HBO's Andre The Giant Doc Is Outstanding (Is Bill Simmons Back?)

I can’t remember the last time I anticipated a documentary so much. It feels like years since “Andre The Giant” was announced and not only was HBO Documentaries, the crème de la crème of cable doc providers, producing it but it was about the most unique athlete the 20th century produced—a literal French giant named Andre Roussimoff. It debuted last night on HBO and it was everything I hoped for and more.

It hits all of the expected beats and then some but it also carries a bittersweet undercurrent because of Andre’s star-crossed life. We see a handsome teenager in France whose size invites an invite from peers to wrestle and he basically doesn’t stop for 27 years. In between, Andre lived on the road and wrestled—that was his life (when he wasn’t recuperating from yet another surgery on his always-growing frame).

We first see Andre as a cute baby as his brothers fill us in on his early years. They noted his growth really took off around 16 or 17 years old. Around this time, he started playing rugby and trained with some wrestlers who shared their expertise with him. When one of them was injured, they asked Andre to fill in. “I can’t do that, I’ve never been in a ring in my life” was his retort.

But soon enough, the 6’9″, 309 lb. teenager knew his way around the ring and decided he wanted to be more than a farmer for his life. He wanted money, something different and smelled the opportunity before him. “I want to be somebody”, Andre said presciently.

After making his bones in France as a lumberjack character (of course the French called him the Giant Fairy), he hit Monaco and Japan before finally landing in North America to toil in the Montreal circuit. It wasn’t long before the now 7’4″ (?) grappler found himself working the Midwest circuits and it was in Chicago where he was given his new moniker by an American promoter who knew “the Giant Fairy” wouldn’t play in the States. During these days, he also was given arguably the best hype in rasslin’ history: The Eighth Wonder Of The World.

This is where the story really picks up strength, not just because of the epic old-school wrestling clips, but also because of the caliber of the talking heads. Hulk Hogan, Jerry Lawler, Ric Flair, Gene Okerlund, and Vince McMahon (the doc was made in conjunction with the WWE) all show up to add their perspective. The level of reverence that Hulk Hogan holds for Andre is actually endearing. However you feel about the Hulkster, he’s certainly appears to have gained a measure of humility and self-awareness in recent years. His love and admiration for his idol is so deep that he would only say “the girls like Andre” when pressed for info. I mean, Andre died 25 years ago and Hogan is still afraid tell swordsman stories about him. That’s respect. (And when he says girls, he means size queens.)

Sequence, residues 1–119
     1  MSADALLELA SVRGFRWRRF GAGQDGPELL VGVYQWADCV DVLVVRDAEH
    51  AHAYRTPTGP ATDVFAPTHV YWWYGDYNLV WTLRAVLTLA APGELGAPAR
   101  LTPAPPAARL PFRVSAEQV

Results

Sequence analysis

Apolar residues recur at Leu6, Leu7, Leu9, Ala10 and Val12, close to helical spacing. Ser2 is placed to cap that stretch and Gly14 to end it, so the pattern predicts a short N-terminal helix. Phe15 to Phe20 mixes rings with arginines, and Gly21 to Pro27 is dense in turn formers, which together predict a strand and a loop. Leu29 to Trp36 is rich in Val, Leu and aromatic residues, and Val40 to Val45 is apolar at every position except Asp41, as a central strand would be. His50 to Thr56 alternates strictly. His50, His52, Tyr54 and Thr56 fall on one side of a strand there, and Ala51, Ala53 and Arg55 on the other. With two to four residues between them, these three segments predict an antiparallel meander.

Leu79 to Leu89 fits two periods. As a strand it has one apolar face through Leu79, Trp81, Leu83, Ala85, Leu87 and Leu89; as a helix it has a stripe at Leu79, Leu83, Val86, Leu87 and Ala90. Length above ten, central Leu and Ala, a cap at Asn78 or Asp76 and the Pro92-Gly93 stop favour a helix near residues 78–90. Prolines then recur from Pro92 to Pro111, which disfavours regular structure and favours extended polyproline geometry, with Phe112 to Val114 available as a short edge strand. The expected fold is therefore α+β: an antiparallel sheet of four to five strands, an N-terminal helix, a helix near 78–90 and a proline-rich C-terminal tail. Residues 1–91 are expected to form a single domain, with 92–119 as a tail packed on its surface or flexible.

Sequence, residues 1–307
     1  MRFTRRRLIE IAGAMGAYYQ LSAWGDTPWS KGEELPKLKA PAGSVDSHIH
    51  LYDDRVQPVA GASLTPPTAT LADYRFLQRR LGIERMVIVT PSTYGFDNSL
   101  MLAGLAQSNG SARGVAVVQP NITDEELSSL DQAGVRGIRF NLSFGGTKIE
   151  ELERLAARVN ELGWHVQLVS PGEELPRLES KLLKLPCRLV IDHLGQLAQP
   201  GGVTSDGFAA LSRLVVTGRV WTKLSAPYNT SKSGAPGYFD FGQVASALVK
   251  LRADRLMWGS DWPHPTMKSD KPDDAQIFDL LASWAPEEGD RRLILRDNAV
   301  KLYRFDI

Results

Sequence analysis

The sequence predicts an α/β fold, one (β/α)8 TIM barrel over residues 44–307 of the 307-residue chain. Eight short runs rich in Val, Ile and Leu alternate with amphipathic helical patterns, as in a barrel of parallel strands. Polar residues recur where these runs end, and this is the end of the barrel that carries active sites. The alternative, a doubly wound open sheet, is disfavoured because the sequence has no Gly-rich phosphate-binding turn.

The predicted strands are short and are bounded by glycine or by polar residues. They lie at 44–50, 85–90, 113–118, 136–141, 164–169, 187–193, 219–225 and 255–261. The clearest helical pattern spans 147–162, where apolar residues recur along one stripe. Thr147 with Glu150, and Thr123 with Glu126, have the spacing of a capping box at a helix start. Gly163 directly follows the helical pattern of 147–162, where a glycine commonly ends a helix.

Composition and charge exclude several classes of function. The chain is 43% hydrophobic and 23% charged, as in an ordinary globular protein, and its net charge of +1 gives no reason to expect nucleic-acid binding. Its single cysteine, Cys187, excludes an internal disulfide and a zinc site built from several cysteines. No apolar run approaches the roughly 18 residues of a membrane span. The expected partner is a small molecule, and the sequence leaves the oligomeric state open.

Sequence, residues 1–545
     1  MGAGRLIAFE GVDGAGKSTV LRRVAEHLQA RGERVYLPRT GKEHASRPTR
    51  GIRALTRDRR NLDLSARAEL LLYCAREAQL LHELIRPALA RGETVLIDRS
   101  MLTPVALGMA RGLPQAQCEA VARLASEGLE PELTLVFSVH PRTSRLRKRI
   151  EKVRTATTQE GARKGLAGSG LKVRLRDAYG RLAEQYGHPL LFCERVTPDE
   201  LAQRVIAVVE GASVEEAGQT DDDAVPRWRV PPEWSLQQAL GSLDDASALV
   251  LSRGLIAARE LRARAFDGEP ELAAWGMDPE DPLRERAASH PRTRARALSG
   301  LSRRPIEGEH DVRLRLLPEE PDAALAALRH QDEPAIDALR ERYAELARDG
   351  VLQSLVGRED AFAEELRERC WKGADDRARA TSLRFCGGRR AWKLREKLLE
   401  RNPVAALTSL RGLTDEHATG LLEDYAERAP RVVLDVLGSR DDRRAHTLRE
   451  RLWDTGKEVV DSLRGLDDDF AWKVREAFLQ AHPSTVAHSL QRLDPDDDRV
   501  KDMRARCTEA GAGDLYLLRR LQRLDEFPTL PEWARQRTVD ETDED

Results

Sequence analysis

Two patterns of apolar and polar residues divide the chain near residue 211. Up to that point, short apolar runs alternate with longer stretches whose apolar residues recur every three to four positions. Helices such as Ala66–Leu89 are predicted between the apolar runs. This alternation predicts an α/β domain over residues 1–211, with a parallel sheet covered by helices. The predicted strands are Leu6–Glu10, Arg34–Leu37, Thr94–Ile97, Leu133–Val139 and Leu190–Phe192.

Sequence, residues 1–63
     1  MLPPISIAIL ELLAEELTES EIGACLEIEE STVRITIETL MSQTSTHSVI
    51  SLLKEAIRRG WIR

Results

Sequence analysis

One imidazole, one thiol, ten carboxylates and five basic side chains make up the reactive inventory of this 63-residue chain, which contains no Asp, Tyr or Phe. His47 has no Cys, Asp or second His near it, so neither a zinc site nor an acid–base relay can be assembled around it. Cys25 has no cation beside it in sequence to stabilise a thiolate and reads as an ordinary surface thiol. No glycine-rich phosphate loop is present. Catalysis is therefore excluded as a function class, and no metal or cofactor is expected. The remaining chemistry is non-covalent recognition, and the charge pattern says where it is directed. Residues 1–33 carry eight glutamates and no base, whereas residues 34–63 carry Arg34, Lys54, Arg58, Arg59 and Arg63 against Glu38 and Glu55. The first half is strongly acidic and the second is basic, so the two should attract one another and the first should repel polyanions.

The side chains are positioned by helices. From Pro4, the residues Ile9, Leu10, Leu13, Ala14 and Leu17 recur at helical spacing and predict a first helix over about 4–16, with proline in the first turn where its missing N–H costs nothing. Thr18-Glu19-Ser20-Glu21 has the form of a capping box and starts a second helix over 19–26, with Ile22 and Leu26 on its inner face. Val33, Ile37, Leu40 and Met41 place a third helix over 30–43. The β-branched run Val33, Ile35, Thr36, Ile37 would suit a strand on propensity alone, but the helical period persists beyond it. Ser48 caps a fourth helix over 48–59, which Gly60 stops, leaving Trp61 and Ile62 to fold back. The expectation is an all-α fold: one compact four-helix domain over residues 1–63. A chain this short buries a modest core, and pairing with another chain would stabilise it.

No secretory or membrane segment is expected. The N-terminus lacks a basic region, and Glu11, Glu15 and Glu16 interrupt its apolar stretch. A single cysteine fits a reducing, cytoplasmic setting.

Everybody spoke about his generosity as a wrestler and how he would sell the shit out of his opponents to make them look good though they’d never win. But if Andre didn’t like you? Hoo-boy. Per Hogan, Andre abhorred Randy Savage and would actually beat the fuck out of him during matches as the video evidence shows. Legit chops. Rag-dolling. Yanking by the hair. Andre squatting his gigantic ass in the Macho Man’s face then sitting there might be the funniest clip in the doc. He had to put the Iron Shiek in his place as well. But Big John Studd really pissed in Andre’s cereal and Andre once sent him running from the ring in fear per Vince.

But the real standout was Andre’s handler, Tim White. He has insight that Andre’s peer lacked. After breaking locker room protocol (i.e. he entered as a non-wrestler), he initially pissed Andre off. But he soon won him over and Andre told Vince he wanted Tim to be his right-hand man. They soon became best friends and were soon “off and running”.

By this time, in the early 1980s, Andre the Giant was one of the most recognizable people on the planet (duh). He started showing up on Letterman and chumming around with celebrities like Arnold Schwarzenegger (who Andre placed on an armoire like a small child after Arnold insisted on picking up a dinner tab). Hollywood was inevitable and he made his debut as the beloved Fezzik in the 1987 fantasy classic “A Princess Bride”. Director Rob Reiner and cast mates Billy Crystal, Robin Wright, and Cary Elwes fondly remembered their co-worker from about 32 years ago, indicative of the love and respect they still hold for Andre. Miraculously, Crystal doesn’t mention the Yankees or wear a Yankees hat. And Elwes looks…different.